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First City Monument Bank (FCMB), in a widely criticized move instructed staff to place embargo on accounts of persons of ages of 18-30.

FCMB issued an alert on accounts owned by young people between the ages of 18 and 30, asking its employees to be on the watch for money launderers and other illegal activity.

The Central Bank of Nigeria has banned cryptocurrency trading in the country, according to an internal email titled “Compliance Advisory on Cryptocurrency Dealing/Transactions.”

The letter given out to staff and seen by this medium revealed, “with high volume transactions controlled by individuals between the age groups of 18-30 years as signatories” should be identified for probable fraudulent activity by staff members.

Other account kinds with identical discriminatory criteria include youth savings accounts, corporate savings accounts, and personal business accounts, among others.

Despite the fact that the bank did not specify what constitutes a high volume of transactions as contained in its memo, the account types listed encompassed all of the bank’s available packages for Nigerian youths.

Many dissatisfied teenagers have began cancelling their bank accounts with the bank as of the time of reporting this story, and others have gone so far as to attack FCMB management for discriminating against youths in such a degrading manner.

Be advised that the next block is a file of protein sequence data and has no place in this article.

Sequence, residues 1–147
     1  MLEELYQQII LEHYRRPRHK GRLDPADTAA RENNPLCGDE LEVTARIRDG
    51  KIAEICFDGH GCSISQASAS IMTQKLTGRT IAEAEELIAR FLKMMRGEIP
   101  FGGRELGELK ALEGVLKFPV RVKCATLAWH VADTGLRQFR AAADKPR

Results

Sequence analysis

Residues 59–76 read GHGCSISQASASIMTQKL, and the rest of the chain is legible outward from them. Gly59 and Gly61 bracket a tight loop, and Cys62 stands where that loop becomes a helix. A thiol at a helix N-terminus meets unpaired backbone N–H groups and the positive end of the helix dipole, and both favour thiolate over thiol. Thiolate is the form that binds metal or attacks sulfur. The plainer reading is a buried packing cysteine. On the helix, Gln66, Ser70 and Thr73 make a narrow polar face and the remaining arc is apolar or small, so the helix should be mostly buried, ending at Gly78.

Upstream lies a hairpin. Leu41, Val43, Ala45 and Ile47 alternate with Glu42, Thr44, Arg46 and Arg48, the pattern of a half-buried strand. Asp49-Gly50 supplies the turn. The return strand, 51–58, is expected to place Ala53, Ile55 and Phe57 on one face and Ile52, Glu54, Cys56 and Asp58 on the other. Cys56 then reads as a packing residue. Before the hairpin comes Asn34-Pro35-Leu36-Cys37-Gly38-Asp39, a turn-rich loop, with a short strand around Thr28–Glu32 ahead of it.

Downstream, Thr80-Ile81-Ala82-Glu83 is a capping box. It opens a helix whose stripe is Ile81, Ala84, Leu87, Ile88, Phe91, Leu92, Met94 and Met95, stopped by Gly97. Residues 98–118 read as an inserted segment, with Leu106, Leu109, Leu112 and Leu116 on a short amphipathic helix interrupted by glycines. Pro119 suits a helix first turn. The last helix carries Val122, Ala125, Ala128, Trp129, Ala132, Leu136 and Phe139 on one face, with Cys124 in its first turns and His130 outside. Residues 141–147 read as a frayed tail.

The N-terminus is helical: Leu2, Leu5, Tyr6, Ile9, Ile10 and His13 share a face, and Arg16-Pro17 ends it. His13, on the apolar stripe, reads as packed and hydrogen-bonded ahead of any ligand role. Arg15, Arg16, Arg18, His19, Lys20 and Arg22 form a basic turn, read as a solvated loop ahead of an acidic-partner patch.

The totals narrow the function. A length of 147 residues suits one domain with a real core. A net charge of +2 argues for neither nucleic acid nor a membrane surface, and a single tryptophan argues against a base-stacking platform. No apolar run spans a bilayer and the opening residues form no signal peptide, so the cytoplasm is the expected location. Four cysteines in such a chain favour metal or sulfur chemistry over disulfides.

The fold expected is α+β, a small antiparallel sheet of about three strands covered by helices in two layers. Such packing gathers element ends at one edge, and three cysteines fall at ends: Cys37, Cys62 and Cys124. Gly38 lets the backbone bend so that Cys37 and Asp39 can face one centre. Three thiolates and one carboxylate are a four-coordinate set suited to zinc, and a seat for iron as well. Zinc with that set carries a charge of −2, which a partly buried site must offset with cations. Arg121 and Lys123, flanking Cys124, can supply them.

While the highly questionable internal email advises staff to keep an eye on the listed accounts for red flags “in order to keep the Bank safe and protected from the activities of criminals, organized gangs, money launderers, and terrorist financiers,” many account holders, mostly teenagers, believe the bank, which promotes youth-oriented banking packages, may have shot itself in the foot with the latest development.

The bank’s compliance advise came after the CBN ordered all Nigerian commercial banks to freeze the accounts of certain individuals for allegedly trading in cryptocurrencies.

The controversial FCMB memo, on the other hand, signified the most recent increase in the CBN’s directive’s enforcement. The Nigerian Constitution, Section 42, bans discrimination against citizens under any guise.

Other banks may have implemented similar problematic rules against young people, but CBN spokesman Osita Nwanisobi said banks were not ordered to enforce the cryptocurrency prohibition on the basis of age or other types of discrimination.